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REVIEW / An assortment of facts in search of a thesis

DESMOND MORRIS'S project in The Human Animal (BBC 1) is to make us better acquainted with ourselves, a task he begins by making us strange. As a naked man and woman walk through a crowded shopping centre, Morris elaborates on the peculiarity of the 'puny primate'. It is a chimpanzee's view of our inadequacies - oddly protruding nose, inside-out lips, no hair to speak of, gross swellings on the hindquarters. A beastly creature, in short, and so, Morris would argue, accessible to the patient methods of the zoologist - field observation and behavioural studies.

With this in mind, he set out a while ago to compile a complete lexicon of human gesture, the ultimate dictionary of global body language. Last night's opening programme to his new series (a pretty unabashed retread of Manwatching and The Naked Ape) consisted of a long browse through the work in progress, complete with illustrations. It was entertaining enough watching this anthology of humanity's tics, but it isn't long before you begin to wonder when he's going to get to the point - what central idea is actually concealed beneath this gaudy pile of fascinating facts?

In fact, Morris's mission strikes me as being slightly comical; it could easily be a satirist's invention, designed to mock the stamp-collecting diligence of scientists, their ability to get caught up in an earnest myopia. Certainly I found myself giggling a little as he provided a scholarly translation for a sequence in which people from around the world made obscene signs at each other, something like a very bad-tempered Benetton ad. And, at times, his enthusiasm makes him sound decidedly foolish. 'Body language is so powerful that it can change the course of history and affect the behaviour of millions of people,' said Morris, over footage of Hitler gesticulating wildly, as if the history of the Third Reich could be boilded down to some cunning hand signals.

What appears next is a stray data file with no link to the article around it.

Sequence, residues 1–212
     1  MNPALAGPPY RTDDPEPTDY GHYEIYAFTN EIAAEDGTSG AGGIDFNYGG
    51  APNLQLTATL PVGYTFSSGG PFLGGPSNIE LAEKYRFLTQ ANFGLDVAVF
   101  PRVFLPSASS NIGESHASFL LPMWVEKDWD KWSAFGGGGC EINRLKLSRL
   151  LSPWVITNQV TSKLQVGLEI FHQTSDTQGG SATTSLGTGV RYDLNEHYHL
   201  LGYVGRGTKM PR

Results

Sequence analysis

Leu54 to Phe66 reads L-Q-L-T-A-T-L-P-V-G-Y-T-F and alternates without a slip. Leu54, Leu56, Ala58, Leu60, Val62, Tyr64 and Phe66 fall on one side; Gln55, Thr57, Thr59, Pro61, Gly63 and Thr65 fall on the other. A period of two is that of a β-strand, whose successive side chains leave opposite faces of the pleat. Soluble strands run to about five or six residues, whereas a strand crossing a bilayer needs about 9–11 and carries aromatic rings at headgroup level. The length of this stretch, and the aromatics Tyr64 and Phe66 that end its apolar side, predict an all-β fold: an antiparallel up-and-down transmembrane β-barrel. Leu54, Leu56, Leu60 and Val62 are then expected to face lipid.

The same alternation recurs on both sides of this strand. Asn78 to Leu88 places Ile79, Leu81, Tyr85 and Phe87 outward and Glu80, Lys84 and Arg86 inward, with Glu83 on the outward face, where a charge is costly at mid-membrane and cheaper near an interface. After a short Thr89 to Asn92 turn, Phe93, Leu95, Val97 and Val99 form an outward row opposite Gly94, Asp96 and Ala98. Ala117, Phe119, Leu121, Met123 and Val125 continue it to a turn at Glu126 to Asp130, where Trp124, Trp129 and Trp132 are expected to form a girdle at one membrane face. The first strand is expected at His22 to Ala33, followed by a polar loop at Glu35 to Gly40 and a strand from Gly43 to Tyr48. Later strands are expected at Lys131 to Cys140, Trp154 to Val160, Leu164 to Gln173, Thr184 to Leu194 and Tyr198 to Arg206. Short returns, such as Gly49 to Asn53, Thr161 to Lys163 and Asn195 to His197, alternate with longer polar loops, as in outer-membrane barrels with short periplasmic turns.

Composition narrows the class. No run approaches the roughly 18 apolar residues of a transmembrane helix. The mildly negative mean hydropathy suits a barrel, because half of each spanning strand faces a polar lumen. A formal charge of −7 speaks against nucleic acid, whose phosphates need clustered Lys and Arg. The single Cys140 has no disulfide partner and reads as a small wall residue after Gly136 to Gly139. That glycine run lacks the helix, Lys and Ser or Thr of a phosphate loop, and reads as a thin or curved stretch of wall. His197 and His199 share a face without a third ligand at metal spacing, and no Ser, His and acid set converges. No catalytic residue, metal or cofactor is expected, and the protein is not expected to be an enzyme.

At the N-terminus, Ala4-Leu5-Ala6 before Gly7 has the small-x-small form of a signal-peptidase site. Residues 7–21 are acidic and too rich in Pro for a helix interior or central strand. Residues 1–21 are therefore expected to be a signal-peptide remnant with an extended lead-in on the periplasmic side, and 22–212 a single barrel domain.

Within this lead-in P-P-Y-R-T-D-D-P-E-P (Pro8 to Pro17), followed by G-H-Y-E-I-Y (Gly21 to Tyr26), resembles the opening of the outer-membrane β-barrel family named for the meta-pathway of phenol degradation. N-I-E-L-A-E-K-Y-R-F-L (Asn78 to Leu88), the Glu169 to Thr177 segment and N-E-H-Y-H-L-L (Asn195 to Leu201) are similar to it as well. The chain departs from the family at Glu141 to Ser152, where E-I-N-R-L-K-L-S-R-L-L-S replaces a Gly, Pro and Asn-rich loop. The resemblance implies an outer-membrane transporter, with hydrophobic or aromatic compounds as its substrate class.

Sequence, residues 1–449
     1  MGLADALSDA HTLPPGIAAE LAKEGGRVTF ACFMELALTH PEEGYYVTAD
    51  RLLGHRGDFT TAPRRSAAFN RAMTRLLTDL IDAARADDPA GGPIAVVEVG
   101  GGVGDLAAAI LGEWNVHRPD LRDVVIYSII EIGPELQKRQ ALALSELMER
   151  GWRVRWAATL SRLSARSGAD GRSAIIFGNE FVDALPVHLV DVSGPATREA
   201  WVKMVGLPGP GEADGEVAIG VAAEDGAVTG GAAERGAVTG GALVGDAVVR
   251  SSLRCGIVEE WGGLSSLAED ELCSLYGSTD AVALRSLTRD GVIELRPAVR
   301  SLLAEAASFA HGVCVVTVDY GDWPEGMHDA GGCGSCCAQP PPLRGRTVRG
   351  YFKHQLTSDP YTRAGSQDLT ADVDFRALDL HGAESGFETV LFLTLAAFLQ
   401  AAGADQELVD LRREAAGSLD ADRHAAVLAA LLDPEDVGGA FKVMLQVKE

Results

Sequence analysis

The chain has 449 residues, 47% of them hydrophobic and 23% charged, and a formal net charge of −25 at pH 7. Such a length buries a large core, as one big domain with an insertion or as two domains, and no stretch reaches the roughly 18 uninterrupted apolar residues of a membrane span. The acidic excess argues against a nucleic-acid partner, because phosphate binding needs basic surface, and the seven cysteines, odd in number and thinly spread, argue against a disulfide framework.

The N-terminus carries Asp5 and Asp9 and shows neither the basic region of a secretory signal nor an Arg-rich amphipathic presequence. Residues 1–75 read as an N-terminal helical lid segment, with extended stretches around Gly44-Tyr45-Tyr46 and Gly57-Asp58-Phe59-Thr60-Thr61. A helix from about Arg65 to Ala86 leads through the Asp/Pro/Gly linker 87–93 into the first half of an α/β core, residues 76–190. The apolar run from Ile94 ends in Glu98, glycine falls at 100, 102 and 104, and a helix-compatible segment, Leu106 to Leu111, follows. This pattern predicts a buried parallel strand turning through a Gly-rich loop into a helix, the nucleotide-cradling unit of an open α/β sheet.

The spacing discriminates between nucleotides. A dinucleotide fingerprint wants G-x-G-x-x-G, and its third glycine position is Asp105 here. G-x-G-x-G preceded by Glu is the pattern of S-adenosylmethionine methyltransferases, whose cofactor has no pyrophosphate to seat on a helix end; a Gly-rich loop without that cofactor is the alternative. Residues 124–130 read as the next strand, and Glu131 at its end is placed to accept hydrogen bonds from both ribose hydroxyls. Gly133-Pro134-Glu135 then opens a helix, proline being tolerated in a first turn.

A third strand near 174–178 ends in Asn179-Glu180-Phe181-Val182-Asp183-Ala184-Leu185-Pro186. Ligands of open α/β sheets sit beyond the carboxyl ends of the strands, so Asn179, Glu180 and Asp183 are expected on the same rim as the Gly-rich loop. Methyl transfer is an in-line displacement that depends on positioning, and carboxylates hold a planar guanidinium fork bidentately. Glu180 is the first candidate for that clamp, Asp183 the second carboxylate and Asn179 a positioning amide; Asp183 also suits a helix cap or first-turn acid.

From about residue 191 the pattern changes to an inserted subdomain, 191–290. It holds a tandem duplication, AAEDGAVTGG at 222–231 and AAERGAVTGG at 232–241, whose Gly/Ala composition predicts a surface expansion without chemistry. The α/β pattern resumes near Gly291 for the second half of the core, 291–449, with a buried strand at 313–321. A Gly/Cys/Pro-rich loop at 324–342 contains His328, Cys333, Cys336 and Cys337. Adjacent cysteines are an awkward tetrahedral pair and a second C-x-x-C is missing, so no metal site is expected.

'I've sometimes been accused of degrading mankind,' Morris said at the end, arguing that he doesn't see why any shame should attach to the perception that we are animals. The problem, though, is not reductionism but a general woolliness of purpose. At times, he seems to be arguing a case for a biological determinism, as when he describes the evolution of the smile out of primate grimaces of submission. At others, his evidence testifies to the peculiar power of human culture, over and above genetic inheritance; in Italy, you can draw a line on the map that separates those who signal 'no' by shaking their heads and those who use a sharp upwards movement of the head, a line that historically marks the limit of ancient Greek colonisation. Morris is clearly eloquent in the language of the body - I just wish I knew what he was trying to say.

No such problems with Speaking in Tongues (BBC 2), the first of six plays specifically conceived for the television studio. Tony Marchant's script was about words and their depleted ability to hold the truth in a world of synthetic feeling. It was not hesitant about bringing this to your attention. In the opening scene, Susan, a simulated lover, was talking dirty to a sex-line caller as her husband Joe, a simulated labourer, returned from the folk museum and her son, a simulated racing-driver, played with a video game. In case that didn't get through, the script was littered with self- consciously meaningful bits of dialogue. ('You keep dressing up the truth, Joe,' says Susan, as he removes his 19th-century tram-driver costume.) Watching the play was rather like reading a story that has been attacked with a fluorescent highlighter pen, an analytical experience rather than an emotional one.